My mindset began to shift in January this year when I started thinking about spring half plans. Besides a lonnnnnnng recovery period after Honolulu (2 weeks off exercise, 7 running miles the 3rd week), I felt like I wanted a schedule with some workouts that I’d never tried before. I could have written up a unique training plan on my own, but it likely would have been more ‘comfortable’ than a plan created by someone else. I knew I could motivate myself to get the training done, having done it 100% on my own all last year. I just needed a little push from someone else, with fresh & “new” workouts to make me excited to train again.

I really liked the plan I received. It was personalized, incorporated two races I’d already registered for, and had me feeling stronger each week. Getting back into training mode was much more difficult mentally and physically for me this year – I was honest with the coach creating the plan that I needed a slow ramp up and that it would take me a solid 5-6 weeks for my legs to come around. I think no matter what kind of coaching situation you’re in (self, one-on-one coach, or following a plan), you have to be honest about your current situation.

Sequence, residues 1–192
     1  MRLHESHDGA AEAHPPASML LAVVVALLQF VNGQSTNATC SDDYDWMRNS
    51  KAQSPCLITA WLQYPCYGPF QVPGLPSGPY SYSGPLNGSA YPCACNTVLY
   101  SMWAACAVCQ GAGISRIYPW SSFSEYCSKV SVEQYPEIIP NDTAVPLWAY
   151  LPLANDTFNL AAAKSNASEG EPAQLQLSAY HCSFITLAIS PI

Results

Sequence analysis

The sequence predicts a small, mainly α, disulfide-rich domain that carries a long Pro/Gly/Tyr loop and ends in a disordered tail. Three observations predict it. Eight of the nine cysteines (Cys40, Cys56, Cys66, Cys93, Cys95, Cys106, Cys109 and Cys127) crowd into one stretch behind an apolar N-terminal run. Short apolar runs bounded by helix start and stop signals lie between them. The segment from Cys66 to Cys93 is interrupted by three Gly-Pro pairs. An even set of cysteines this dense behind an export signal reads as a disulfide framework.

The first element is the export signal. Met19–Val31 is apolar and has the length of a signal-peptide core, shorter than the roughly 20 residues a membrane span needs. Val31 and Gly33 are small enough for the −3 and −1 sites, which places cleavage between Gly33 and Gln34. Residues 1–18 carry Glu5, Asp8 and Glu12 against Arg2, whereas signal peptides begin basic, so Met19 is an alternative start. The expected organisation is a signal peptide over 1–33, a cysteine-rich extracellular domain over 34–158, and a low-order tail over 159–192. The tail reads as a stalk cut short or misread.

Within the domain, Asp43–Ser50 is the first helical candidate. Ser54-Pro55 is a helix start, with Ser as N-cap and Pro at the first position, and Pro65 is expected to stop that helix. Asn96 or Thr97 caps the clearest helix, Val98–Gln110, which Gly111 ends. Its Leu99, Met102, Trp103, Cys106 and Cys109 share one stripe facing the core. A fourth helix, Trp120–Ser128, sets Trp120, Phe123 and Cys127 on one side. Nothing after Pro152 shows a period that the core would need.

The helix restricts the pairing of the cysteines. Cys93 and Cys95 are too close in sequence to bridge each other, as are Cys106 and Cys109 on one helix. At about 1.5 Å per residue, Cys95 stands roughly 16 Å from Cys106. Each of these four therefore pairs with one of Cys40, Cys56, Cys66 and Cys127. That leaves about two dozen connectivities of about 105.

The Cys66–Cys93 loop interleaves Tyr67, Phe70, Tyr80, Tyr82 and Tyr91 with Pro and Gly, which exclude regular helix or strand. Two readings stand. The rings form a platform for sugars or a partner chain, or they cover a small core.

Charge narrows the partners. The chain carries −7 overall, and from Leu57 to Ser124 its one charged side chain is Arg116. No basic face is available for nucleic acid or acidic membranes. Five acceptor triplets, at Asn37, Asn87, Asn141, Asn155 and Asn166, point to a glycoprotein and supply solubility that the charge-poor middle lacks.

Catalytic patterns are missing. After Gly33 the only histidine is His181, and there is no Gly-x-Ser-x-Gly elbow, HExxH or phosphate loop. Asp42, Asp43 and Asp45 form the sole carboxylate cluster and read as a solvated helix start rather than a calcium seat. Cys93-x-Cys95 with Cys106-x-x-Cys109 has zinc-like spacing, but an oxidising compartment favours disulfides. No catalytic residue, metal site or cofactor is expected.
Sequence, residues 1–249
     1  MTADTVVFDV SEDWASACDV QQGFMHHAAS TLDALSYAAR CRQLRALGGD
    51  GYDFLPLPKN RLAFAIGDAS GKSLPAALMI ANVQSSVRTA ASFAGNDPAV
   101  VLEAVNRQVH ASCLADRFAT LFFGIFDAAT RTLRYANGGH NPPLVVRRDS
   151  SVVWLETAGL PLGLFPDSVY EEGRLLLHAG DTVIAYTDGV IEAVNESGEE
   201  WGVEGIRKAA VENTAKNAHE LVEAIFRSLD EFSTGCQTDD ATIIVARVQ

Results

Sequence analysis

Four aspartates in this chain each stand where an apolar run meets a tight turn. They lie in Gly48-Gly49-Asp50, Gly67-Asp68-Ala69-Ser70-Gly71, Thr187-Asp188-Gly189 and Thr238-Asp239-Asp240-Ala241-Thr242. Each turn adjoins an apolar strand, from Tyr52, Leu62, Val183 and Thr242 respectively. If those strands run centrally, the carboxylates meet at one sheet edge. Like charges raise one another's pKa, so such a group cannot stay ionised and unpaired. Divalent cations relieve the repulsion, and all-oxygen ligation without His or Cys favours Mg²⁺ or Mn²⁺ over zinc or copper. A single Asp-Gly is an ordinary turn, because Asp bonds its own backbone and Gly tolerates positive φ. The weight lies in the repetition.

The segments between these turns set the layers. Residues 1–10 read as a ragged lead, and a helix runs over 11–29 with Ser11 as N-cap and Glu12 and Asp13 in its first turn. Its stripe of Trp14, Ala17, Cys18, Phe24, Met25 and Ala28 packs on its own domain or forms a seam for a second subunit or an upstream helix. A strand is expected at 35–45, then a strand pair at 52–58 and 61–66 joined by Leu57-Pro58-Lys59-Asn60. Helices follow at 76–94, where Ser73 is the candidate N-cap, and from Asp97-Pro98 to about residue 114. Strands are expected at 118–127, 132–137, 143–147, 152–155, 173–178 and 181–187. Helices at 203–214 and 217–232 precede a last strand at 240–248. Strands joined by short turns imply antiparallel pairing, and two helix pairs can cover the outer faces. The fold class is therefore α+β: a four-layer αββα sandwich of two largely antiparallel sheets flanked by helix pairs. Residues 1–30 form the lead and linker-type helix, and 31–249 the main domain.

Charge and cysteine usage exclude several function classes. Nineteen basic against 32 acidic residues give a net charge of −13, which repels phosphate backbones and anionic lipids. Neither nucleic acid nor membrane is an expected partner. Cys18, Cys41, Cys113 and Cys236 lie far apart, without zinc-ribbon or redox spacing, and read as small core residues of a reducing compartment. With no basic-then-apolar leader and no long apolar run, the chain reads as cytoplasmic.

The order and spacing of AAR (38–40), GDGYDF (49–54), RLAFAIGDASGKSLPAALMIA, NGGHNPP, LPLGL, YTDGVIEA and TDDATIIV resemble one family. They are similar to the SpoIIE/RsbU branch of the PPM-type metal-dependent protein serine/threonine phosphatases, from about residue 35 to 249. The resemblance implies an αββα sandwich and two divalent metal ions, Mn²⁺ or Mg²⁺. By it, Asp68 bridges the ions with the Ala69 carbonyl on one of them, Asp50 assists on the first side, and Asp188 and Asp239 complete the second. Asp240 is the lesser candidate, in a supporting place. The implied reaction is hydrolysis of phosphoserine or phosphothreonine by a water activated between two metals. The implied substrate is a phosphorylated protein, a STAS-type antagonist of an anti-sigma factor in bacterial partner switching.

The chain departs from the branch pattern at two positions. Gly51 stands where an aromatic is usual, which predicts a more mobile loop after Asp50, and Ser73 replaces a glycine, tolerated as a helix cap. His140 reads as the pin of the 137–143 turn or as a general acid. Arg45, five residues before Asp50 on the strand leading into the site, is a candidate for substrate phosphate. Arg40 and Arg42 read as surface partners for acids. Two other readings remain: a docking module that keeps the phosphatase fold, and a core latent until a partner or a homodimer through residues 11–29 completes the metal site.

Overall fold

Getting back to a training cycle felt like pulling teeth there for awhile. And then it very slowly started to click again. (This is *definitely* correlated to the change in weather – I begrudgingly forced myself to the gym in Jan & Feb, but started to feel more motivated to train in March when the weather slightly improved.) I worked up to a solid base in January and February (up to 40 mpw) and then began a 12-week half plan at the beginning of March.